A few centuries hence, “oilcloth” had morphed into a linseed oil-saturated Egyptian cotton, a flax plant derivative replacing the erstwhile smelly fish oil as a weather deterrent. A cheap alternative to leather, oilcloth could be used in many of the same applications. Problem was, linseed oil also made the material stiff in cold weather (and thus prone to cracking), and turned it yellow. It took a long time to dry once it was soaked, and it was toxic to some degree. Still, it served its purpose in the marine industry and remained more or less unchanged from the mid-nineteenth century until the 1930s.

It was then, over a period of two years and with the combined efforts of three companies, a new generation of proofed cottons emerged, now impregnated with paraffin-based wax instead of linseed oil. The result was a pliant and breathable, water-resistant cotton that did not yellow. Manufactured exclusively for outerwear, the newfangled waxed cotton in short order supplanted oilcloth as the preferred material for heavy-duty foul weather gear.

Although J. Barbour & Sons Ltd. did not invent waxed cotton, the company was an early champion and purveyor of it. Barbour called the first thick, waterproof waxed cotton fabric Oilskin, and its clothing line Beacon Brand. Oilskin outerwear answered the demands of sailors, fishermen, and river, dock, and shipyard workers in coastal South Shields, a busy port in the North East of England that is still home to Barbour. Waxed cotton also appealed to farmers and gamekeepers, and even found its way into Barbour motorcycling apparel as early as 1934, later popularized by American actor and cycling enthusiast Steve McQueen.

Nowadays the terms “oilcloth” and “waxed cotton” are sometimes used interchangeably to describe the same material, in spite of their real and historic differences. Our partners at Barbour make outerwear of waxed cotton manufactured to different specifications depending on its anticipated use:

Sylkoil is an “unshorn” wax where the cotton comes straight from the loom while it’s slightly fluffy and is then dyed and waxed. The natural imperfections of the weave are reflected in the rich variations of color and finish. Over time, this fabric softens into a lovely, slightly peachy looking cotton between waxes.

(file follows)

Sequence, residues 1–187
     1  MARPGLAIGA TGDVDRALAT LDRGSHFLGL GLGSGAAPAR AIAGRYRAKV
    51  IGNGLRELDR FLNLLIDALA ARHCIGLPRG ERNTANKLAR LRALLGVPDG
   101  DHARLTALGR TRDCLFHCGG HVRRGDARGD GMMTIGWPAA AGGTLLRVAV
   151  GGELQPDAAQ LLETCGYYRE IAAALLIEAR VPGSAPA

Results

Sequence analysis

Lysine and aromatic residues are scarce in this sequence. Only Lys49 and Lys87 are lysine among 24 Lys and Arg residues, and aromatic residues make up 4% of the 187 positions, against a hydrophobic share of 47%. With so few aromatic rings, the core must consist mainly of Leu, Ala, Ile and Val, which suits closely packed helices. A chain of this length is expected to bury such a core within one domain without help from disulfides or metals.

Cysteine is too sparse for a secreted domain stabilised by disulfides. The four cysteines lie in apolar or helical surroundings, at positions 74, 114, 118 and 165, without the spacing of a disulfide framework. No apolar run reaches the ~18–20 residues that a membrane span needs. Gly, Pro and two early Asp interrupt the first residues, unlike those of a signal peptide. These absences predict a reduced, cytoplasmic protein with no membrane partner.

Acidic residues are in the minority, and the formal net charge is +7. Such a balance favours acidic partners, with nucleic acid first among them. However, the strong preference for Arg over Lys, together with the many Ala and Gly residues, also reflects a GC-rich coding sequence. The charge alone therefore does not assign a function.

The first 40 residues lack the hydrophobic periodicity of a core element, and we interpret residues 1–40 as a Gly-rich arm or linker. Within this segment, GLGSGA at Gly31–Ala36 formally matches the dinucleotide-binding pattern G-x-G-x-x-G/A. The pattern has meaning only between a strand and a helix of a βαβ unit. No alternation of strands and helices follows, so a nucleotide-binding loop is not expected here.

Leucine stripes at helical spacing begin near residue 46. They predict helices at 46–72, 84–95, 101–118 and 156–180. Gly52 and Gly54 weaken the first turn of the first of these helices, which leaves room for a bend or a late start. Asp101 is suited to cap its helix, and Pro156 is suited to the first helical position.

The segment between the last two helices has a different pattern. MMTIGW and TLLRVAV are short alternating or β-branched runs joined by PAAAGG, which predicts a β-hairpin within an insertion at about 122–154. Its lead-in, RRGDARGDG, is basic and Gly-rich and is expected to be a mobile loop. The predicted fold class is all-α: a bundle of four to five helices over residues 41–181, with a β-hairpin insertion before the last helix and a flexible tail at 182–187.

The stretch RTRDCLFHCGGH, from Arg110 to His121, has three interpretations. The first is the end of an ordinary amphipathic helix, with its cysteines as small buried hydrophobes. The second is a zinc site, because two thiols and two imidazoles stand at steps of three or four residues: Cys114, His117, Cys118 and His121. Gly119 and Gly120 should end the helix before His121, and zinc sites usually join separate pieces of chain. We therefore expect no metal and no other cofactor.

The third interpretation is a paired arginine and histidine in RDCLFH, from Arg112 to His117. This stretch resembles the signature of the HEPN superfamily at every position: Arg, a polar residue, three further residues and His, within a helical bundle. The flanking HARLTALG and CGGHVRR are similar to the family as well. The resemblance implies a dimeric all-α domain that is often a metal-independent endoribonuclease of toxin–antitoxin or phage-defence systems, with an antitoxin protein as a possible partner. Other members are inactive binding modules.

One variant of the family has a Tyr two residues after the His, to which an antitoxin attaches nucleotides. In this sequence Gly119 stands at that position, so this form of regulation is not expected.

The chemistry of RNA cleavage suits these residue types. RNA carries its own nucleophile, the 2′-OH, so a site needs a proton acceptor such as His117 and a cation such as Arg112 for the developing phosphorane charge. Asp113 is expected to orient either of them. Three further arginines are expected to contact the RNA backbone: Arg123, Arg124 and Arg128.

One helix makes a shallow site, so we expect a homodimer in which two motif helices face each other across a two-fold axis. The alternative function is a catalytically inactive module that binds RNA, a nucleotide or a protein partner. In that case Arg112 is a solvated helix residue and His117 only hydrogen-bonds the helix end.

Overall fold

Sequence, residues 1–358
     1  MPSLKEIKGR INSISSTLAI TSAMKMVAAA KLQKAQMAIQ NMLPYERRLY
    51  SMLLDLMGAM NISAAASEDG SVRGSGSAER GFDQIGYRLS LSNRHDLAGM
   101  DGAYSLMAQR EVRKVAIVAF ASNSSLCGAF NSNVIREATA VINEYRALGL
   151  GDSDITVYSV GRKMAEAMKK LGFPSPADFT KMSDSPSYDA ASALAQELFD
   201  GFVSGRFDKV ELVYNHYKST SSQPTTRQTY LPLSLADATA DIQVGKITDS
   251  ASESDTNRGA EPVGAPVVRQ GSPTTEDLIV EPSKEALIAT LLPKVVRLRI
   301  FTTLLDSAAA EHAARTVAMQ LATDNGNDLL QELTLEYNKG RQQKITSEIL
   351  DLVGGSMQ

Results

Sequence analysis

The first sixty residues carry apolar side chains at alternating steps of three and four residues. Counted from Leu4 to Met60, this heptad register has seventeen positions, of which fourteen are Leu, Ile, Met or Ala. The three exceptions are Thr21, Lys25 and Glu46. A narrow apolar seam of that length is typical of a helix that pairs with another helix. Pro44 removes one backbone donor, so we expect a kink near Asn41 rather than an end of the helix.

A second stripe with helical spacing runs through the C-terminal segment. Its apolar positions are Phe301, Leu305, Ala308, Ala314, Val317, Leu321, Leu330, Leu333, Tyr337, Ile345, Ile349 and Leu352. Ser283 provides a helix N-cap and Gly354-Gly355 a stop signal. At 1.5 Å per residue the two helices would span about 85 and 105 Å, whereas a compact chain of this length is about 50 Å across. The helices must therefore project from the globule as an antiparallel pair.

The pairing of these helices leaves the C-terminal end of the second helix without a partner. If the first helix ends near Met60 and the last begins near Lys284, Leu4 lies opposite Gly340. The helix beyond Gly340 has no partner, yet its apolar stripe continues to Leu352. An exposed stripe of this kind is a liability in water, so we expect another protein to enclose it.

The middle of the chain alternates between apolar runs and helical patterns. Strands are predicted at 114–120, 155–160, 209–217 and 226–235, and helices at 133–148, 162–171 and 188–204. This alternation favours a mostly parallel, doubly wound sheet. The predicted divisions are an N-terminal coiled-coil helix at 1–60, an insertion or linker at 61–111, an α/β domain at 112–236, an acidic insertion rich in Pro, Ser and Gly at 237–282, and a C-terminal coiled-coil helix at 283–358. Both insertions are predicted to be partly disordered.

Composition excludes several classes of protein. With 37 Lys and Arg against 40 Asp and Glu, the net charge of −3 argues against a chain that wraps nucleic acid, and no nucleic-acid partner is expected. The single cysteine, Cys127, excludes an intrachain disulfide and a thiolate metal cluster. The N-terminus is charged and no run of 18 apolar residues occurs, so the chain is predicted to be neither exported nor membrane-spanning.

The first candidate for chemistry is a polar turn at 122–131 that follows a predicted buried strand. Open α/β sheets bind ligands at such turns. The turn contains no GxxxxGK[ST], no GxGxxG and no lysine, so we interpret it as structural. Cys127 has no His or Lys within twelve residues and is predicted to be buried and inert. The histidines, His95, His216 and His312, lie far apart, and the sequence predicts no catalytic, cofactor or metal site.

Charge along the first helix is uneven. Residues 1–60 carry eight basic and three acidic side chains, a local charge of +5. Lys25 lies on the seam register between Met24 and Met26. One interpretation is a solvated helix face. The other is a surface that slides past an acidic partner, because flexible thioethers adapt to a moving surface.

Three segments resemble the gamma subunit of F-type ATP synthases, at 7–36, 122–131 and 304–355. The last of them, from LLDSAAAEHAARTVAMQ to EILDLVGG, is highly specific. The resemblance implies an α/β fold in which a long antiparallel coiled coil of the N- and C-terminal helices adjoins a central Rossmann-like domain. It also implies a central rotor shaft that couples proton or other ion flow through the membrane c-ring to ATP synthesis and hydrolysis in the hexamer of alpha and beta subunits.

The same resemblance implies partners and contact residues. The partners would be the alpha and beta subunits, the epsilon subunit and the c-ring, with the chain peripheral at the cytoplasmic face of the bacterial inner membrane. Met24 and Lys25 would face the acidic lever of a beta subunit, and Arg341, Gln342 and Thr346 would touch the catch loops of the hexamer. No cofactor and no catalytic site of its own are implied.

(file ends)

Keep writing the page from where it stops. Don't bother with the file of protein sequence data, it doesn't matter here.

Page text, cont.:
Thornproof is a lustrous wax with a deep color and even touch. The cotton is calendered between rollers and then dyed. The resulting finish is smooth cotton which we term Thornproof because it is extremely resistant to snags and pulls from spiky plants such as brambles and hawthorn.

In spite of waxed cotton’s utility and appeal, modern polymers (GORE-TEX® is an example) have threatened its extinction in recent years. And it is really no wonder: they’re more practical and require less maintenance.

This begs the question, why choose a Barbour waxed cotton jacket? You could as easily ask why a book holds sway over a tablet reader, a mechanical watch over a digital one, or wood over laminate, and the answer would be the same: because it possesses a depth of character its modern counterpart lacks. When you wear a Barbour jacket, you are wearing a piece of history.

And in the end, waxed cotton has rallied: while the mid-nineteenth to mid-twentieth centuries may have seen its widest use in the marine industries, the classic waxed cotton jacket has made a comeback as essential outerwear for the discriminating country sportsman, fashion maven, and urbanite alike. It is a garment that develops patina with age, each mark a reminder of a page in a chapter, or a chapter in a story.

For many of us the waxed cotton jacket never went out of style. As stewards of a living garment—one that will likely enjoy use by multiple generations—we proudly wear this wardrobe beacon of our forebears.